Email Communication System for Dental Practices
Most of us spend a large part of our day composing and reading emails. In light of that, many of us have developed a communication “style” that becomes recognizable to the people we routinely communicate with via email. Some are very formal with a proper salutation and close, while others just start typing and don’t close. Many people want the short and sweet version, not the long wordy one – especially in a business setting. If you aren’t aware of the content and intent of your communication, messages can become confusing to others.
Technology today is requiring many patients to access your website and be able to contact your practice via email to set up appointments and get relevant information. The email communication between multiple providers involved in a patient’s care has become standard for the majority of practices. Being able to send referrals, pre and post-operative reports, biopsy reports and digital images immediately instead of relying on “snail mail” not only has improved the timeliness, but also the accuracy of record exchanges.
To write effective emails in a dental practice setting, first ask yourself if you should be using email or if it’s better to pick up the phone. If a patient has contacted you via email and requested a specific time to be scheduled that doesn’t work for you, would it be prudent to email back with other available times, or to call? Since email is usually not synchronous, it would be better to call.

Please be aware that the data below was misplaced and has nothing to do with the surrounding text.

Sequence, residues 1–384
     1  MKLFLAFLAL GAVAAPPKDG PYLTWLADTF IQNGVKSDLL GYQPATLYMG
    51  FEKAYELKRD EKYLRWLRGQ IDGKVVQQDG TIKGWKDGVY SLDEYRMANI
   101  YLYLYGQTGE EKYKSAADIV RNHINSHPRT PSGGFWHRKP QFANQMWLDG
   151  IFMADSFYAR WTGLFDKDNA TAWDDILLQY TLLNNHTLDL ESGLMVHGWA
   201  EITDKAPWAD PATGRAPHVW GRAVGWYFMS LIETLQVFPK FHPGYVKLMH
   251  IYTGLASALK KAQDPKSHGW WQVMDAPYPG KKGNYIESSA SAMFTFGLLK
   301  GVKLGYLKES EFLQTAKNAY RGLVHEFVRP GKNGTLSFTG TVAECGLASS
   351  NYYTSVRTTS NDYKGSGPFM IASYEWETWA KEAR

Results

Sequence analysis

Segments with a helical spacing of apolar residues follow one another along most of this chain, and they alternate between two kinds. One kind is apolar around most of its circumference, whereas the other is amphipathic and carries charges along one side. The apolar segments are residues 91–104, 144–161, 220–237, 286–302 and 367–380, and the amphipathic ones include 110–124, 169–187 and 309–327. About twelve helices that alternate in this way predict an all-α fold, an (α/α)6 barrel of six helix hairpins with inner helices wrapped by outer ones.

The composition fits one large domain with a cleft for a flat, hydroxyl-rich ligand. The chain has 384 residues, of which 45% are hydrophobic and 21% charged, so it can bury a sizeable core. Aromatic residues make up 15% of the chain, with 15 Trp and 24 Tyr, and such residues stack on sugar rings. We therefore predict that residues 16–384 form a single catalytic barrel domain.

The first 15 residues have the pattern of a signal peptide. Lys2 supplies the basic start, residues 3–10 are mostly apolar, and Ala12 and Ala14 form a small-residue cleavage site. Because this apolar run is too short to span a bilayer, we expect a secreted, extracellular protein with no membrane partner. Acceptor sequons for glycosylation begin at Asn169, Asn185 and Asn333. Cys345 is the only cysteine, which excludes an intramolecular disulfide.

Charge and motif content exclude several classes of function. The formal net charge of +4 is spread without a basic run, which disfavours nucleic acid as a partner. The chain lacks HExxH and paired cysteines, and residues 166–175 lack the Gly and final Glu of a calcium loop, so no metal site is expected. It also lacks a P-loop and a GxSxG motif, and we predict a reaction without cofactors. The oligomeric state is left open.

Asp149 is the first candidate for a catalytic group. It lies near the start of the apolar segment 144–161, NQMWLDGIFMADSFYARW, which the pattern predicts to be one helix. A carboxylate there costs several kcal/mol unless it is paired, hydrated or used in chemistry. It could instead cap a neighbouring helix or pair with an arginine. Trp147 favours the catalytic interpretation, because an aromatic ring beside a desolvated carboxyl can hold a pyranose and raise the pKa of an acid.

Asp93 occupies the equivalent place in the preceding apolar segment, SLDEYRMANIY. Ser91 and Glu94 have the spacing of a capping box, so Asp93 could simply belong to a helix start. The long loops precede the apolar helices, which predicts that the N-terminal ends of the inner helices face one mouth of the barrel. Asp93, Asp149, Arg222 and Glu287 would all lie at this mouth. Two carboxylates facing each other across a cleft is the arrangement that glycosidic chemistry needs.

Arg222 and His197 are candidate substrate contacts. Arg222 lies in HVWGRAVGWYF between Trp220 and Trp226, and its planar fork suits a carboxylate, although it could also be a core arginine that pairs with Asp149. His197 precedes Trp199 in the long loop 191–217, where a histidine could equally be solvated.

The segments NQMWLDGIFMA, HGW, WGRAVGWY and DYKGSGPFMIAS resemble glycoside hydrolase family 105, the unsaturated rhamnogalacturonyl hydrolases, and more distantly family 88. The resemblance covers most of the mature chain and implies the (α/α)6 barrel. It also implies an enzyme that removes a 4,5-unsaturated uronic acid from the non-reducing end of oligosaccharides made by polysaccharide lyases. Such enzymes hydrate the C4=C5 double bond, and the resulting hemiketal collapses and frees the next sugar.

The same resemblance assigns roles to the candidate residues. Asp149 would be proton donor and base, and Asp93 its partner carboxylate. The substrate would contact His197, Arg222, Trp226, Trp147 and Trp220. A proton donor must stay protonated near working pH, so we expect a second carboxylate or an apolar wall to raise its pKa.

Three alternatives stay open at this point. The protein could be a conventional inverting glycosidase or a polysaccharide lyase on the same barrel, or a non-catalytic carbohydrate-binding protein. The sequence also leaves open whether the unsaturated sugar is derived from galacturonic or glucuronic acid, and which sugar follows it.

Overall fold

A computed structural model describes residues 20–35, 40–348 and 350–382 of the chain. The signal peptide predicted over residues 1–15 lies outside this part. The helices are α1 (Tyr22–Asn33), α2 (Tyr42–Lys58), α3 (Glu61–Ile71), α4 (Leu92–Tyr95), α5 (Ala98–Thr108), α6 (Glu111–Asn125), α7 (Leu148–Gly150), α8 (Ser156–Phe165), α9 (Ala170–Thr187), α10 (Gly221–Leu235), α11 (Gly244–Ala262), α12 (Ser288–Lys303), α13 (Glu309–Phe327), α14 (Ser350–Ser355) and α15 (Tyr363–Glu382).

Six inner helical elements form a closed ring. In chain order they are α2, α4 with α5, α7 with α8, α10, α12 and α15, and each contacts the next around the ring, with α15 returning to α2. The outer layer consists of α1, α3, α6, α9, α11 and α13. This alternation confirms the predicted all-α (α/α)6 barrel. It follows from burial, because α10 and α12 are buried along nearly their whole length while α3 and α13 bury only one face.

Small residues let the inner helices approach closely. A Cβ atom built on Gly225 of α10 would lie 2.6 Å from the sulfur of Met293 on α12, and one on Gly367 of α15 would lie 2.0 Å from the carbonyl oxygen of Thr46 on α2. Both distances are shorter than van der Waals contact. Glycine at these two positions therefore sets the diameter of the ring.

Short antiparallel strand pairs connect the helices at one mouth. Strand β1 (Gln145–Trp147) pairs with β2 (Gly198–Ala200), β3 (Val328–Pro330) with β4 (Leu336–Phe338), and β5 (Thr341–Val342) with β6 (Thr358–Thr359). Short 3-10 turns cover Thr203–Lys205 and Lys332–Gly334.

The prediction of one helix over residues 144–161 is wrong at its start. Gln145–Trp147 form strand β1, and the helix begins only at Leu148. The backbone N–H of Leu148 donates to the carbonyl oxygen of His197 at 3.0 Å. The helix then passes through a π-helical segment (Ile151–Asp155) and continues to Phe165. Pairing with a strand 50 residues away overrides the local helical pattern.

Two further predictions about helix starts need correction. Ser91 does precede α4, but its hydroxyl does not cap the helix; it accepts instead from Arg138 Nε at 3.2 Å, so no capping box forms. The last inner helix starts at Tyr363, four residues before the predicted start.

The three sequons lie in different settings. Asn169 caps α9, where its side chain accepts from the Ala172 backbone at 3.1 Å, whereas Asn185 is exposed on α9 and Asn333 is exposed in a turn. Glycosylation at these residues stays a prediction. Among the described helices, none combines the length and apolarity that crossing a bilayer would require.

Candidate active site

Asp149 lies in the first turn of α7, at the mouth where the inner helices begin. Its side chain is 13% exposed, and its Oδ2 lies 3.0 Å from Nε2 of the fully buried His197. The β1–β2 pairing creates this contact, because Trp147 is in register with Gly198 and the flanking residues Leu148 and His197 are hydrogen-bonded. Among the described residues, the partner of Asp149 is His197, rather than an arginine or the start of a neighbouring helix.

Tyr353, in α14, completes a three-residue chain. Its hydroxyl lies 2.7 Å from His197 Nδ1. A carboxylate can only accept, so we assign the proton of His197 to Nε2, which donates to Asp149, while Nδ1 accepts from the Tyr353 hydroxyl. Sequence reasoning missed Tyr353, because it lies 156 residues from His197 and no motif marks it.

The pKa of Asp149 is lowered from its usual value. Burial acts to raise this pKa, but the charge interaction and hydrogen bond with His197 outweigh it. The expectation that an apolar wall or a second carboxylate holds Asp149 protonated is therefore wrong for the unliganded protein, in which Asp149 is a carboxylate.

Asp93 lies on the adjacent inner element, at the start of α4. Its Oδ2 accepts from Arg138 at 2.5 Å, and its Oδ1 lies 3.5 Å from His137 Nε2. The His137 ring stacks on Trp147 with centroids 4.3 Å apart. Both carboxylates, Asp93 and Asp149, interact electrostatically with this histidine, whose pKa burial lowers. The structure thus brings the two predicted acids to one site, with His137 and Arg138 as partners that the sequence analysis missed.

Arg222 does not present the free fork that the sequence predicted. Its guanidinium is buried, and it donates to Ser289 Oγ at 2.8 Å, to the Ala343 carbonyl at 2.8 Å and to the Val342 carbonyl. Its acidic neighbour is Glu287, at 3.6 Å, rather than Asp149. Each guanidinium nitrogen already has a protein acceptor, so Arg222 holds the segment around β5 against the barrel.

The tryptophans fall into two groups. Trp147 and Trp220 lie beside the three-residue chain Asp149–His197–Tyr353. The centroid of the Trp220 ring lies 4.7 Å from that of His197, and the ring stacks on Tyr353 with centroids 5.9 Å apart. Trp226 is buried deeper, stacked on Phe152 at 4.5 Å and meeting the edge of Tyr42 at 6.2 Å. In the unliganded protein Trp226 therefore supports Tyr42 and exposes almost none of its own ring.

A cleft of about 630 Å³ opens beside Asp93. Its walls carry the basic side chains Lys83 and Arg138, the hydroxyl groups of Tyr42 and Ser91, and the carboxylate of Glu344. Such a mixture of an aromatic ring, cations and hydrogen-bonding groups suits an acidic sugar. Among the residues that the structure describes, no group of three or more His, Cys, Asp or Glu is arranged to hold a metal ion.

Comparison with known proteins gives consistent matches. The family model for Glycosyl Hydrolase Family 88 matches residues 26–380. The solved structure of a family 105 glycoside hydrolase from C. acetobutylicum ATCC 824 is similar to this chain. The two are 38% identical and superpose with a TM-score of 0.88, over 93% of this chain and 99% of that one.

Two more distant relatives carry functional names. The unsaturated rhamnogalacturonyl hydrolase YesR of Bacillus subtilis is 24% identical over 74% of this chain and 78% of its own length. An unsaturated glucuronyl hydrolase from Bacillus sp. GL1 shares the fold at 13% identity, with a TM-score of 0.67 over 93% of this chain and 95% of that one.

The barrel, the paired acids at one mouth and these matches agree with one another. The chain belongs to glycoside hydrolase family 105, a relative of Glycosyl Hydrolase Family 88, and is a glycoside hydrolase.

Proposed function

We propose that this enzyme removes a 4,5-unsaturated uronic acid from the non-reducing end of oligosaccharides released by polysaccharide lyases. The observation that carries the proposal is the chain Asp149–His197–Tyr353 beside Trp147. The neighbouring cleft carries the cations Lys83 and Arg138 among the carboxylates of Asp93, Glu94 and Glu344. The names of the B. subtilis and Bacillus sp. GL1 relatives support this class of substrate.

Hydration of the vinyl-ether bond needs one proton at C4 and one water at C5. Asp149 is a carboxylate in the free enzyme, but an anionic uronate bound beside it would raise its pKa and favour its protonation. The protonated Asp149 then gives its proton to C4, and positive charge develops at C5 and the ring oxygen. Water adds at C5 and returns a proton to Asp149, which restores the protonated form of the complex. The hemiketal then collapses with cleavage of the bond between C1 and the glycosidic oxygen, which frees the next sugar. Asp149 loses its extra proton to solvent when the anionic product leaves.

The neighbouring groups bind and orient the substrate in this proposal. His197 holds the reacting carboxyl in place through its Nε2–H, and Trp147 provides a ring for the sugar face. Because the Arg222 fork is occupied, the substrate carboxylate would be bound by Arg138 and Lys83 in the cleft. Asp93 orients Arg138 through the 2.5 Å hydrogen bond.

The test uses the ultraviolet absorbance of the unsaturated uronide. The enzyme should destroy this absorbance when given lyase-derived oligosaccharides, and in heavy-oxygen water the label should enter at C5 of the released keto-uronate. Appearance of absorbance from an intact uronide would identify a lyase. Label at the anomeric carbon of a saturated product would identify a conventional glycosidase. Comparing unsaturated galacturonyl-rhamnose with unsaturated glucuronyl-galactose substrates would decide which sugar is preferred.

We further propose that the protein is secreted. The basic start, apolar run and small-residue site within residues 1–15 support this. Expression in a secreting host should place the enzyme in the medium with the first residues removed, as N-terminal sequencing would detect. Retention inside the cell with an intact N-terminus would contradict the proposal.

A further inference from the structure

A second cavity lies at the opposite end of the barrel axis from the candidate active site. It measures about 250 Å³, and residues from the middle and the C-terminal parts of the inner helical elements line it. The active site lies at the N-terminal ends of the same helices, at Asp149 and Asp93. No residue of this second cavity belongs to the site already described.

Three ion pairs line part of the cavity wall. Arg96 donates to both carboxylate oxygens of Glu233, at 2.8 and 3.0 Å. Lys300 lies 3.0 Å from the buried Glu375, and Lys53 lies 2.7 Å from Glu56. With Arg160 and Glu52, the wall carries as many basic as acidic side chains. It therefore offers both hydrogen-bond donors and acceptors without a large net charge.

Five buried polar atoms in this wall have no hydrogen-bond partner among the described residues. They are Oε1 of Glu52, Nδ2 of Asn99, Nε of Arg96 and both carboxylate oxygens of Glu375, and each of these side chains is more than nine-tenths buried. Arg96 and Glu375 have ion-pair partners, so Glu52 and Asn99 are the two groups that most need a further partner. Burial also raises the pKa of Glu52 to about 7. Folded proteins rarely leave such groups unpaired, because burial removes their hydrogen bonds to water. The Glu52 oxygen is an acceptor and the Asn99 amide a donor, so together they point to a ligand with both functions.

Many people avoid the phone because it is just not as convenient as email, but customer/patient service may be hindered in the process. There is often the assumption that someone has received and read your email, when in reality they haven’t. In one practice, a patient had indicated on her intake form that she wanted to be reminded of her appointments by email only. When she did not respond with a confirmation email answer, it was assumed she would show for her appointment. She did not show up. When she was called, she apologized and said she doesn’t always check her email.
Representing the dental practice is just as important via email as it is on the telephone. Emails are a reflection of your professionalism, as they are from the doctor and the practice. Well-written emails that are concise and to the point, polite, and instruct the patient as to what is expected of them are important to building rapport. Absent from email is assessment of vocal tone, body language, and facial expressions – necessary components for “reading” a person’s intent. Your choice of words, sentence length, punctuation and capitalization can be misinterpreted without visual and auditory cues.
For instance, the following email demonstrates how a person may think this person is angry:
Compared to this email:
Hi Mr. Brown,
When you don’t use a professional salutation or close, it shows lack of respect and professional attention. The use of all capitals can signify anger or “yelling” in text and should be avoided.
When sending several related points or instructions to a patient, use bullets points and write the paragraphs in small, well organized units to make it easier to read and understand. It is wise to always maintain a professional demeanor by avoiding jargon, slang and inappropriate abbreviations like FMX or PFM, as the patient does not know what the initials stand for.
Proofread your emails carefully before hitting the send button. Make sure to review the following:
1. Ask yourself, is it better to phone this person? Is the information complicated?
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